U.S. Consumers Steer Away From Most-Fuel-Efficient Vehicles, May FEI Shows

Vehicles with a 30-plus mpg rating on Ward’s Fuel Economy Index lost 23.5% of their year-to-date market share in the year’s first five months.

John Sousanis, Director, Information Content

June 11, 2010

2 Min Read
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U.S. consumers are shying away from purchasing the industry’s most fuel-efficient vehicles, according to Ward’s analysis of light-vehicle sales through May.

Vehicles earning a rating of more than 30 mpg (7.8 L/100 km) on the Ward’s Fuel Economy Index accounted for 10% fewer deliveries in the year’s first five months, compared with like-2009.

Against a backdrop of increasing sales of light vehicles, high-efficiency cars lost 23.5% of their market share, dropping from nearly 4% year-ago to 3% in 2010.

Related document: Ward’s Fuel Economy Index:

Some models, particularly hybrid-electric vehicles, have held ground. Sales of Toyota Motor Corp.’s segment-leading Prius HEV, for example, rose 28.7% through May.

The Prius accounted for 1.2% of all LV deliveries in the first five months on the Ward’s FEI. (Certain large light-duty trucks and vans do not receive Environmental Protection Agency fuel-economy ratings and are not included in the Index).

However, deliveries of the Toyota Camry Hybrid tumbled 40% in the period, likely giving up sales to the newest-generation Prius.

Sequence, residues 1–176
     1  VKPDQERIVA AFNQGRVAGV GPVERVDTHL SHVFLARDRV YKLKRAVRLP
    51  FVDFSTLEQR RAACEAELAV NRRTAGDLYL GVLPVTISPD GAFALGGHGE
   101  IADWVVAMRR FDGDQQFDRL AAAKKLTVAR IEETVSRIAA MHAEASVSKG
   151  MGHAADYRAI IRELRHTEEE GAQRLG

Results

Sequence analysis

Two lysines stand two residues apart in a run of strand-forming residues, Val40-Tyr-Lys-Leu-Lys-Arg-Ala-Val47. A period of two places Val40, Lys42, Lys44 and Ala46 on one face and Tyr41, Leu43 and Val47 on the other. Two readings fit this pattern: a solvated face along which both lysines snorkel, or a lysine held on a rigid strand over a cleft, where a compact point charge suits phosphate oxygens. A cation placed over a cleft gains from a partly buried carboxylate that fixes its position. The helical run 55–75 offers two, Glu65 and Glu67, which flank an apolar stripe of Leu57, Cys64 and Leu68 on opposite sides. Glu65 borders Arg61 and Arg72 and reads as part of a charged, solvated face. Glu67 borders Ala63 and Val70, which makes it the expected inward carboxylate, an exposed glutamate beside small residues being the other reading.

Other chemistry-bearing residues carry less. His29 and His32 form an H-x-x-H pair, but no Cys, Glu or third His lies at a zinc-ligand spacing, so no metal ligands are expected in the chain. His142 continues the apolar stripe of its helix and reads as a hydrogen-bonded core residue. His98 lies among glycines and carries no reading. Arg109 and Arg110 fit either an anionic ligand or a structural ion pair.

Similarly, while American Honda Motor Co. Inc.'s Civic Hybrid sales plunged nearly 77% through May, the auto maker’s resurgent Insight HEV made up some of the ground, with sales jumping 61%.

Deliveries of Nissan Motor Co. Ltd.’s Altima Hybrid also have been robust, up some 42% in the first five months. Nevertheless, with the exception of the Prius, hybrids remained small-volume sellers.

The blame for the downward trend in high-efficiency-vehicle sales goes to non-hybrid players in the segment, such as the Honda Fit, down 19.7% through May, and Toyota Yaris, down 38.3%. The 63% drop in Smart Fortwo deliveries also drove the poor results.

Together, such vehicles accounted for 1.5% of the LV market on the Ward’s FEI in like-2009. This year, they made up a mere 0.9% – effectively wiping out gains made by hybrids in the 30-plus-mpg strata of the Index.

Despite falling demand for the most-efficient-vehicle class, plus a slight uptick in sales of the least-efficient vehicles – earning an FEI rating of 15 or less –the industry’s overall year-to-date rating was up 0.8% to 22.3 in May.

Indeed, vehicles in the 20-plus mpg (11.7 L/100 km) to 30 mpg made up 59.4% of all U.S. LV sales in the first five months, compared with 56.6% in like-2009.

With the nation’s economy improving and the threat of gasoline prices nearing $4 per gallon seemingly remote, consumers clearly have backed away from small cars, at least in the short term.

And while auto makers plan to launch numerous new products in this class in the not-too-distant future, Ward’s data suggests near-term increases in industry fuel efficiency likely will come from technological advances applied to popular midsize vehicles rather than a decided shift in consumer preference for smaller cars.

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About the Author(s)

John Sousanis

Director, Information Content, WardsAuto

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